Did you know that in the event a business dispute ends up in court, that any settlement discussions or negotiations that occurred before the case goes to trial are not admissible? In other words, the judge or jury will never hear how much one side was willing to pay, nor how much the other side was willing to take, to resolve the dispute.
Many business people are reluctant to engage in active settlement discussions because they are concerned that they re setting a floor or ceiling for what they may ultimately have to pay or can receive. However, because both the Indiana Rules of Evidence and the Federal Rules of Evidence do not allow evidence to be presented concerning settlement negotiations or “offers to compromise”, the parties should feel free to actively negotiate to settle their differences without fear of those negotiations later being revealed to the court.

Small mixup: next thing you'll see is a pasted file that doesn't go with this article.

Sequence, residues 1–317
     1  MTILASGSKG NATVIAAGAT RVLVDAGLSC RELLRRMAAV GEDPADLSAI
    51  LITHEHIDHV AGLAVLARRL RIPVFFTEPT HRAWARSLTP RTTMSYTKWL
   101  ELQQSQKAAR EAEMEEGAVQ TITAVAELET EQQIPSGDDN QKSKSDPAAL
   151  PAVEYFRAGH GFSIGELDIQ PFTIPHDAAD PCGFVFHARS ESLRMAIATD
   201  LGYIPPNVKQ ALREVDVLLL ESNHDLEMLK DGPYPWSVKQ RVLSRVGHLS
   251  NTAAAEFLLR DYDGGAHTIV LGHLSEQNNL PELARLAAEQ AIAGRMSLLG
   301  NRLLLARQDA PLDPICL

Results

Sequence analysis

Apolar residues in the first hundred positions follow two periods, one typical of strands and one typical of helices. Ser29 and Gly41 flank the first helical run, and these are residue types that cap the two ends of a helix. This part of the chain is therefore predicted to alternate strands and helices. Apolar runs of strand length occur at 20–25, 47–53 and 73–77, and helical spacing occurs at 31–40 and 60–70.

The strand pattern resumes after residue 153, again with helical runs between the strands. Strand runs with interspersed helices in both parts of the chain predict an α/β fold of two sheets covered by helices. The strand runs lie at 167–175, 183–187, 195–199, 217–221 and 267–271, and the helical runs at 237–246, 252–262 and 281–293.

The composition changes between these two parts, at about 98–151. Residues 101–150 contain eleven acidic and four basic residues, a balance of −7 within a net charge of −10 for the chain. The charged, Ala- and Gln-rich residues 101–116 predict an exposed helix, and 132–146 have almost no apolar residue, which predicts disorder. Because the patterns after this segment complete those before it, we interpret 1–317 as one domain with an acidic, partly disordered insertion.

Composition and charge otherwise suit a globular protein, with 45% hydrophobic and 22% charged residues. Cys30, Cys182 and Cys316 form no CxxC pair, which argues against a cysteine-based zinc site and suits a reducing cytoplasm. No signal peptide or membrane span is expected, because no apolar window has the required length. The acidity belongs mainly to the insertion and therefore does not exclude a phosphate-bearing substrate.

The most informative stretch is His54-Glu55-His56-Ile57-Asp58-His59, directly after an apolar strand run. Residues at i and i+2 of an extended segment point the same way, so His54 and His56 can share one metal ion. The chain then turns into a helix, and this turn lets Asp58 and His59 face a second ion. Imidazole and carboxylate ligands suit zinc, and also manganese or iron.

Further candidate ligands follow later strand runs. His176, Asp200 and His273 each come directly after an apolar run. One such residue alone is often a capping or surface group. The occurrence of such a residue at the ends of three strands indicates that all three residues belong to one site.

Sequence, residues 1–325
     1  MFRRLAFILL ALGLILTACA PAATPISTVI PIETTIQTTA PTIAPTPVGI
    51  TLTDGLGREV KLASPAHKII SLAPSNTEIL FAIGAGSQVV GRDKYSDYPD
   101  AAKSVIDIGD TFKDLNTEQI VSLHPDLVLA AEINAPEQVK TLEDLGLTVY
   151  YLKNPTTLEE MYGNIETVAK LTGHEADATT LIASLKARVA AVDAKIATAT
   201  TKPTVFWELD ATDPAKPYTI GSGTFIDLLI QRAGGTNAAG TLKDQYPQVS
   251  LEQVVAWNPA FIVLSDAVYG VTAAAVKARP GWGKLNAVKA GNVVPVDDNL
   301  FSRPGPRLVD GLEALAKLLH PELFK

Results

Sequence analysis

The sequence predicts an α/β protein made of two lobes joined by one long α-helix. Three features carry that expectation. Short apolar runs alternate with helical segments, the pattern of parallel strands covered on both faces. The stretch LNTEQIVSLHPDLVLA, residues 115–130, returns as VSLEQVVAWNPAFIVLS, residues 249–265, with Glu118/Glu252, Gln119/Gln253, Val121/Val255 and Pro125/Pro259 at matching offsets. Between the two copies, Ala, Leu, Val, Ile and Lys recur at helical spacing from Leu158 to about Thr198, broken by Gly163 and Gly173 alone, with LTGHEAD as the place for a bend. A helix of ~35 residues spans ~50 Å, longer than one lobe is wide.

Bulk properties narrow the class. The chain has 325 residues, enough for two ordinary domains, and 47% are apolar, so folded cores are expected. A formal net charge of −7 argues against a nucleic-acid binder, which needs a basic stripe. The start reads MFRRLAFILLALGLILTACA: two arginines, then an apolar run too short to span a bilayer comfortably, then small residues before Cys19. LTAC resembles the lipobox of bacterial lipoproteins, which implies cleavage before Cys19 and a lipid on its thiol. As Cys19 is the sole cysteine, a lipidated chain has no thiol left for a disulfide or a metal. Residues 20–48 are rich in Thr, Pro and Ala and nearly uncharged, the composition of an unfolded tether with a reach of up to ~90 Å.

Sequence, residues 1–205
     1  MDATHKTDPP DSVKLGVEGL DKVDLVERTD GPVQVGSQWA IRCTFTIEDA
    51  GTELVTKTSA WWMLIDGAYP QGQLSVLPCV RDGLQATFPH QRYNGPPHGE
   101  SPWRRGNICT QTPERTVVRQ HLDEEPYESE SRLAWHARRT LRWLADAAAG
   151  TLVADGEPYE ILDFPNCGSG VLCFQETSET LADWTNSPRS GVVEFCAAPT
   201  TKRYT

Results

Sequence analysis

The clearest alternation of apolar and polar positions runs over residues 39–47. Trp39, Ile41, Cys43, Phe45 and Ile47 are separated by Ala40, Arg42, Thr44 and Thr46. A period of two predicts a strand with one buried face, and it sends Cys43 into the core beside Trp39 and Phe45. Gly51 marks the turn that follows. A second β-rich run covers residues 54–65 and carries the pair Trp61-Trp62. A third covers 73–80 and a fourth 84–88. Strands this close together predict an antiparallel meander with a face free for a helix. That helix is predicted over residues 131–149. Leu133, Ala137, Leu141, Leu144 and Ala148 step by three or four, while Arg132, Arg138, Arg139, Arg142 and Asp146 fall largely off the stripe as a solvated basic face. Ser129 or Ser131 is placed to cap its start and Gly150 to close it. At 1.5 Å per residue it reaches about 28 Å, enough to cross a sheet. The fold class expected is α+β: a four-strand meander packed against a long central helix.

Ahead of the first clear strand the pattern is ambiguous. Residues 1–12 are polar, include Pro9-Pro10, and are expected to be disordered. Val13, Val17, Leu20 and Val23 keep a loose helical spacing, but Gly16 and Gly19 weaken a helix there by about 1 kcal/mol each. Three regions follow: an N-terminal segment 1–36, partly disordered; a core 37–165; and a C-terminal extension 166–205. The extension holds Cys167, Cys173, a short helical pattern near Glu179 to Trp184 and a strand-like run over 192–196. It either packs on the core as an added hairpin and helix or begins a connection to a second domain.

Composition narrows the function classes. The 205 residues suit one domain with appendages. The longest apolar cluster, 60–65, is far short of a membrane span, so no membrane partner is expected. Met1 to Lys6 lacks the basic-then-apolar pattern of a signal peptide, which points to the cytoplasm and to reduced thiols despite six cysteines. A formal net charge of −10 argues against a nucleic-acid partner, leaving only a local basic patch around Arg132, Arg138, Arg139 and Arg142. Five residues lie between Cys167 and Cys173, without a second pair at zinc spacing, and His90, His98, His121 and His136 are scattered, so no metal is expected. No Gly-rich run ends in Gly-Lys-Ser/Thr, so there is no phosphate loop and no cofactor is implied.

It is a good practice to reference the fact that any offer or proposal being made is being made for purposes of discussions. If the proposals are in writing, then the writing should clearly state, preferably at the beginning, that the proposal is being made for purposes of settlement discussions and is not admissible as evidence.
Do keep in mind that if the negotiations are verbal as opposed to in writing, if an agreement is reached, an oral contract likely has been created, and oral contracts are enforceable as a general rule.
Therefore, it does not hurt anything from a legal perspective to make a concerted effort to settle your dispute because of the financial and emotional expense of litigation.